Flash floods raced through the streets of Manhattan, Kansas, yesterday 04 May 2015, after the heaviest rainfall to hit the city since 1908.
National weather service said that the official observation for Manhattan measured 2.97″ (75.43 mm) at 7 pm, breaking the daily rainfall record of 2.91″ set in 1908.
They also said that by 7:45pm, 3.37 inches (85.59 mm) of rain had been recorded at Manhattan Airport, and 4.15″ (105.4 mm) in areas to the north of the city.
The flash floods made roads impassable, causing major disruptions for drivers. Photos of the floods show water around 2 feet (60 cm) deep in the worst affected areas. Parts of Kansas State University campus were under water, deep enough that some students were able to kayak along campus roads. KSU later closed flooded parts of the campus.
National Weather Service warned today that storms and heavy rain were expected through the early morning hours, and that localized flooding was possible.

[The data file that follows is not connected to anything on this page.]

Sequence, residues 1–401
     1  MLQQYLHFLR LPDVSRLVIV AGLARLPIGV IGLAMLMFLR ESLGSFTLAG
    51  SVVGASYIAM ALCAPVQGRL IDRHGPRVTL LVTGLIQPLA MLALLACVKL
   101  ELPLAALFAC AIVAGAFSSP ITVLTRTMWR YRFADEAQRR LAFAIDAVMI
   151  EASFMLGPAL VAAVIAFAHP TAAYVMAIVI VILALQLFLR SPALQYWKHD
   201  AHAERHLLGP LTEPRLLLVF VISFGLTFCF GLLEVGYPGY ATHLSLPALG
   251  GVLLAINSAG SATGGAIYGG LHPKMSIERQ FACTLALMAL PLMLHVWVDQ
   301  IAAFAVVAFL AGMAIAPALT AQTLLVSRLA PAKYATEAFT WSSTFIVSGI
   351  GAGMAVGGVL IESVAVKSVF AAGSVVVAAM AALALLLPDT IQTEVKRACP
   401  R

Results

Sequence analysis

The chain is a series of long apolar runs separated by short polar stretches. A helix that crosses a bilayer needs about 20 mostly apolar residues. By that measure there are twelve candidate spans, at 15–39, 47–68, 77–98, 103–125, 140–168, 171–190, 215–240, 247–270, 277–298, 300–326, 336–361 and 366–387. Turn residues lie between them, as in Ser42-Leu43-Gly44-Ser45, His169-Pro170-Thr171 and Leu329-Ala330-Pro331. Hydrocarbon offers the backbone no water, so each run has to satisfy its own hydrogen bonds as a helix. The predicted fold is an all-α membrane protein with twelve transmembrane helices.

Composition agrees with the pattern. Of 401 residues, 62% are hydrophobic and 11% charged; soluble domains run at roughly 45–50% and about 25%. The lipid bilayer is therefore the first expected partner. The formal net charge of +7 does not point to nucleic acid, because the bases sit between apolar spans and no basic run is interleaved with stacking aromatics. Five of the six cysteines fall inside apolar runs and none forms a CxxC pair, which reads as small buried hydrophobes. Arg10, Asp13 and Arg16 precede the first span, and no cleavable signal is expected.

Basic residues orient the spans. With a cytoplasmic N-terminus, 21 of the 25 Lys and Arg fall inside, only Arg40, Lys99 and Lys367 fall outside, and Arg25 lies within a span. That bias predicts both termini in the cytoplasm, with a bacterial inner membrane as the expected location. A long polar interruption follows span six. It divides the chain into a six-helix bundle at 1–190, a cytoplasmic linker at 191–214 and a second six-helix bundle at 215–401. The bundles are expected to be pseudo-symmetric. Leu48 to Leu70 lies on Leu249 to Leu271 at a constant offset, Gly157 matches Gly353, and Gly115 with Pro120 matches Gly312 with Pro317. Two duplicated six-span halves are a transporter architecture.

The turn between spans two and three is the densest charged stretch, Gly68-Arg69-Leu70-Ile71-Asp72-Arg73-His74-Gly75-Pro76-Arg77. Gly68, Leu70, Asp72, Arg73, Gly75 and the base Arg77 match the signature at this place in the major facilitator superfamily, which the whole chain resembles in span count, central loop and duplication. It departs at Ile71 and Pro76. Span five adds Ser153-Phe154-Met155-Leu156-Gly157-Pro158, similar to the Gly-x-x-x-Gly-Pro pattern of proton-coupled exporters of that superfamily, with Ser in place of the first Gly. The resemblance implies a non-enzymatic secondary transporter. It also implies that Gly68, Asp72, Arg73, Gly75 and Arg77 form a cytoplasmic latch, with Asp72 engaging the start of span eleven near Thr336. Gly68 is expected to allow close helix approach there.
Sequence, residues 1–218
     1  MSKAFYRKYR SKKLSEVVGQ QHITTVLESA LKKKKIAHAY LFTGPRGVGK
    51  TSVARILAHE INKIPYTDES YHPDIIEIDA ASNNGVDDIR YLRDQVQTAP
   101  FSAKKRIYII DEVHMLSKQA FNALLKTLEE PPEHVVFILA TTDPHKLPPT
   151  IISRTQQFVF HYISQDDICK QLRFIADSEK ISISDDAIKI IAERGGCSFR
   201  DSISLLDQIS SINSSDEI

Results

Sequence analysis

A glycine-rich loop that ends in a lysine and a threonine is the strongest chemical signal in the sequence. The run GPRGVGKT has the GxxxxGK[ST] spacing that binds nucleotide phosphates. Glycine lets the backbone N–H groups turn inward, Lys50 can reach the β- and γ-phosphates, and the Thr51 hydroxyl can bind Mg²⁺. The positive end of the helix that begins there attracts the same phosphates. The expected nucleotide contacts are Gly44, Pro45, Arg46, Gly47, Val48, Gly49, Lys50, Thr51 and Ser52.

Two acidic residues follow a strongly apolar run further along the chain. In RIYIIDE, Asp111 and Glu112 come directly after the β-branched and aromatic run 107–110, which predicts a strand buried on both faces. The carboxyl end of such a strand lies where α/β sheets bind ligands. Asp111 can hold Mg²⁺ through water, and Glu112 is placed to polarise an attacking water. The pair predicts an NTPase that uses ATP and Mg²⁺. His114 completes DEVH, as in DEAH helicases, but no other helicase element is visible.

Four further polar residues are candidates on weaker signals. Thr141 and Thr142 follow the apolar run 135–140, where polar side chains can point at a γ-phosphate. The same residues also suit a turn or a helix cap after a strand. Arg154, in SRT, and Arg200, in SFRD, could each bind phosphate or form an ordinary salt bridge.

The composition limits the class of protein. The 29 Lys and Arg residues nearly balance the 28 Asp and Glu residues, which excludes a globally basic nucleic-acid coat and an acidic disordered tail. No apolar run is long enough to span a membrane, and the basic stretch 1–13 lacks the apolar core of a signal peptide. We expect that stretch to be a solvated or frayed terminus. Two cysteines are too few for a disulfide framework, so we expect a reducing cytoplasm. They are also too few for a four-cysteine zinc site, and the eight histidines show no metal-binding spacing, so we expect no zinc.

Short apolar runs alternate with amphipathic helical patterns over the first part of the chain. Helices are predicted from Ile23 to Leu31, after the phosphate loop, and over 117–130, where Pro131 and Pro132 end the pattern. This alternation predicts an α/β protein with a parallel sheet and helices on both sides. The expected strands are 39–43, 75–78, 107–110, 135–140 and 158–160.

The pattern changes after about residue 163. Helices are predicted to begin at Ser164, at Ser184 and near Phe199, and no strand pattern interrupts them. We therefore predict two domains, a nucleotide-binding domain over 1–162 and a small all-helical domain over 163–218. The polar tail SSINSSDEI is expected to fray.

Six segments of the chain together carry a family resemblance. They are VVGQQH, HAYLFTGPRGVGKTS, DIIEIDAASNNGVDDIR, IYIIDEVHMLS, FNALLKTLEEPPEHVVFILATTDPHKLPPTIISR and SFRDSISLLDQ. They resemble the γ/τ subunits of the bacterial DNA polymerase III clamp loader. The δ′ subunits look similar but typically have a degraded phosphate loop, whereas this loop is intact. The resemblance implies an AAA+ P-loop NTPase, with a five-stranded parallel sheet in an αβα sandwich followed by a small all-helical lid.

Social Media Photos of Flash Floods in Manhattan, Kansas
— Tyler Dreiling (@TylerDreiling) May 4, 2015
— hunter severn (@htsevern) May 5, 2015
— Mike Smith (@USWeatherExpert) May 4, 2015
— Manhattan Mercury (@MERCnewsroom) May 5, 2015
Meanwhile, around 500 miles south of Manhattan KS, Lubbock and the South Plains area in Texas also saw huge amounts of rainfall on 04 May and early 05 May 2015. Meteorologists say this could be just the first part of a three-day spell of heavy rain set for the area.
Lubbock broke its rainfall record of 0.82 inches for 04 May, previously set in 2001. In fact 1.02 inches (25.9 mm) of rain fell in nearby O’Donnell in just 10 minutes.
NWS said that around half of the average yearly rainfall had fallen in the Lubbock area by 10pm. In a Tweet last night, NWS Lubbock said:
“Heavy rain continues in Lynn county. 7.4″ measured in Tahoka by the official observer. 10-12″ totals between Tahoka and O’Donnell”.
A flash flood watch has been issued by NWS. Several stranded drivers had to be rescued. Lubbock Fire Department had to respond to over 50 call outs during the evening.
The National Weather Service said earlier today that “the next round of thunder storms is moving toward West Texas. More heavy rain possible this morning”.